And I know in the past few years, we’ve heard “self-care” thrown around like confetti (or the cheerios that you will be finding in the crevices of your car forever). But I think in that frequent conversation, “self-care” has become trite. It’s not about taking a bubble bath after a long day, or “treating yo’ self” (although, that can totally be part of it, Tom- and Donna-style). It’s about understanding — deeply— that you are not just a lean, mean, diaper-changing-machine (‘cause that is what I feel like a lot), but a person, and giving yourself the permission to cultivate yourself. You’re a human being with worth outside of motherhood. #micdrop. You're a person with gifts, talents, passions — and a calling that matters. 

Start by carving out a specific time each day or each week for yourself, whether that be an hour or two while your kids nap (or have “quiet time”), after they go to bed, or while your husband takes over on Saturdays. Whenever it is, mark it and honor that appointment with unwavering commitment. Talk to your partner or support system and communicate the importance of this time. And when your kids scream as you leave or stick their fingers underneath your door as you engage in YOU-time, remind yourself that you’re doing it for you — and for them






Okay, it’s time to get philosophical. Who are you? Take some time — yes, do it now— and think: what are your interests? Your dreams? Your passions, goals, gifts? What activities or practices make you feel like you? These are the things you should spend time investing in. If you’re unsure or have forgotten what makes you you, find joy in exploring. Take classes on new topics, visit museums or walk in nature, or work on developing a new skill. Find those activities that provide personal fulfillment and prioritize them.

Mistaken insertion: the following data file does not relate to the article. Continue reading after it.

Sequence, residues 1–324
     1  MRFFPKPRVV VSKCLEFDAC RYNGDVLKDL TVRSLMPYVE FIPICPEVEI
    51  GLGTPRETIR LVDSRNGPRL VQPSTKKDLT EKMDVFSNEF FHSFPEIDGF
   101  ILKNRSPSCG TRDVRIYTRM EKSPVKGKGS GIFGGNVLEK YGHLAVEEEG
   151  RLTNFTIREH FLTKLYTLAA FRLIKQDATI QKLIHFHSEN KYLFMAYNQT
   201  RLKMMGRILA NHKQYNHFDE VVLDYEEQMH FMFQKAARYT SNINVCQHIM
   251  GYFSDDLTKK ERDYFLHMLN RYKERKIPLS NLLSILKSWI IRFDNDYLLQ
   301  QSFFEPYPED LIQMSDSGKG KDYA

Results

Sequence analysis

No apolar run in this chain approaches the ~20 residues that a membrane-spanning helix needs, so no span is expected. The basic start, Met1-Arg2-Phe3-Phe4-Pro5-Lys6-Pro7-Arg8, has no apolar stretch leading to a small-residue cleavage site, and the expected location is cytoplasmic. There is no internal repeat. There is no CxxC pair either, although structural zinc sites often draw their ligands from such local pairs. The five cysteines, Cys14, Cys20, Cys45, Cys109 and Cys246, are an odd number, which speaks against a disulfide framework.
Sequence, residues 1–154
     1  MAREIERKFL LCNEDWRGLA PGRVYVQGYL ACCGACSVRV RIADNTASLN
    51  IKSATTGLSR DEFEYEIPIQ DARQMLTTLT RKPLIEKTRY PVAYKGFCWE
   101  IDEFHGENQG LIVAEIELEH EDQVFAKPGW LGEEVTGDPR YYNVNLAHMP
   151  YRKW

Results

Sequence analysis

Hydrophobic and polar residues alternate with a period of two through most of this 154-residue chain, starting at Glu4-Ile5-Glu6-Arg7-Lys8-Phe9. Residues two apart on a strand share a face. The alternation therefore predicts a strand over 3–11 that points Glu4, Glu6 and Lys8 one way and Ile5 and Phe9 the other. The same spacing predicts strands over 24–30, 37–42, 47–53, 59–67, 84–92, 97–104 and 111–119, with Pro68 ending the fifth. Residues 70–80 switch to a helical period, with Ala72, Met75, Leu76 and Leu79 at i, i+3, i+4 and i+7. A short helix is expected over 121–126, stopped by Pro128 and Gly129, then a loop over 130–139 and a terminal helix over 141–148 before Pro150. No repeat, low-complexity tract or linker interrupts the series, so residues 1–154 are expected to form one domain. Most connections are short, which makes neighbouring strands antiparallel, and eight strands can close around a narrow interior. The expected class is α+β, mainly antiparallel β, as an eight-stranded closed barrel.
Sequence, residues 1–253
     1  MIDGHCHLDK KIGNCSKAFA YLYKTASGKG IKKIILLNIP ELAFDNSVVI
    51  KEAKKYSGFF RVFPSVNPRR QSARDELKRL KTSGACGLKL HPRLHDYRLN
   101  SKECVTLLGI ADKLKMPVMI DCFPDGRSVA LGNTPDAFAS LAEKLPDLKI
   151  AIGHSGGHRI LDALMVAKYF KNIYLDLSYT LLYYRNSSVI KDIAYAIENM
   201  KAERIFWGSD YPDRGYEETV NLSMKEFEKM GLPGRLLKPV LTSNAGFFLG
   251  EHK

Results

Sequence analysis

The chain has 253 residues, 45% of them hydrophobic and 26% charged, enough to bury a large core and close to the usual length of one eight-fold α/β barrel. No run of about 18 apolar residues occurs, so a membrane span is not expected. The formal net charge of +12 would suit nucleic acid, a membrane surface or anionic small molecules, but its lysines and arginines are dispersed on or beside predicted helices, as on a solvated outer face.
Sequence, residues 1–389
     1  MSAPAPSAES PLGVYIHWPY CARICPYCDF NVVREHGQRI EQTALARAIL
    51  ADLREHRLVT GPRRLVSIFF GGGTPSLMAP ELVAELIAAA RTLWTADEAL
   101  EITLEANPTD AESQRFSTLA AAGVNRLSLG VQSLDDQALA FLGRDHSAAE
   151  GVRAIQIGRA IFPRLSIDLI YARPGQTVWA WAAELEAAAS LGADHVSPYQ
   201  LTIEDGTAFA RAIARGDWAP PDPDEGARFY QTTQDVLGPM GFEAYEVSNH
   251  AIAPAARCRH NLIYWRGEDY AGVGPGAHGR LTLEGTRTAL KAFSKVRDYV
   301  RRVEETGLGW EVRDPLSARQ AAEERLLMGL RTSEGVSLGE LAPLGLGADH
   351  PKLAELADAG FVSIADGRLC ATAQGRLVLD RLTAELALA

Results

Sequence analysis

Whoa, whoa, I know. Balance. It’s a buzzword and that ultimate end-goal we moms strive for when working to juggle all our roles and responsibilities as wives, mothers, and women. But right now, you just need to ditch the idea of balance. Balance is a scale with even weights. And that’s not reality. 

You will experience different phases and seasons of life, and how you manage time and the division of yourself during those different periods will look different — and vary for each family. Try instead to think of harmony. 

Imagine one of those setups for recording music, the ones with a thousand buttons and dials, like producers use, (or the makeshift one your brother had in your basement when he had his own band….or was that just my family?) At times, you need to increase the volume in one area of your life, and turn it down in others. It’s not forever, just needed to create harmony in that phase. Adjust and edit sound settings (or routines, habits, or time) based on the needs of your family and the demands of the period you’re in. 

Maybe you have newborns and you don’t have a two hours to take a painting class, but you can still devote small pockets of time for writing in your journal, or sewing a few stitches. You can still create that important time for yourself, even when it’s not perfectly divided time- or energy-wise with your other responsibilities. Maybe your kids are in school, and you have more time on your hands for yourself. Different phases, different volumes. It won’t be balanced, but balance isn’t what we’re striving for. We want harmony. You will adjust throughout your life. Accepting that can help you nurture yourself and keep Mom Guilt where it belongs — far the hell away from you. 





Mama, you are important. Do you realize that? Prioritizing yourself
and your goals isn’t selfish or shameful — it’s essential for you to find fulfillment, self-confidence, and physical, emotional, and mental well-being. It’s not about diminishing your focus on motherhood or ignoring that role. Far from it. Valuing who are you enough to nurture your own personal identity is a key for being the best mother you can be everyday. Fearlessly and passionately embrace your ANDs. You need it, and your kids need it.

(Uhm, also. A final note: laying in your bed and eating the chocolate you hid from your children totally counts as YOU-time, okay? Okay.)




Thank you so much to Kasee for sharing her heart with us today. I hope you learned from her and feel more confident in your ability to cultivate a healthy relationship with yourself and your motherhood. Just to recap, the three ways you can apply this into your own life are: 

Value your time and honor appointments with yourself  

Introspect: Find joy in exploring what makes you, you

Ditch balance and instead, find a realistic harmony for your life





You can find Kasee over on her website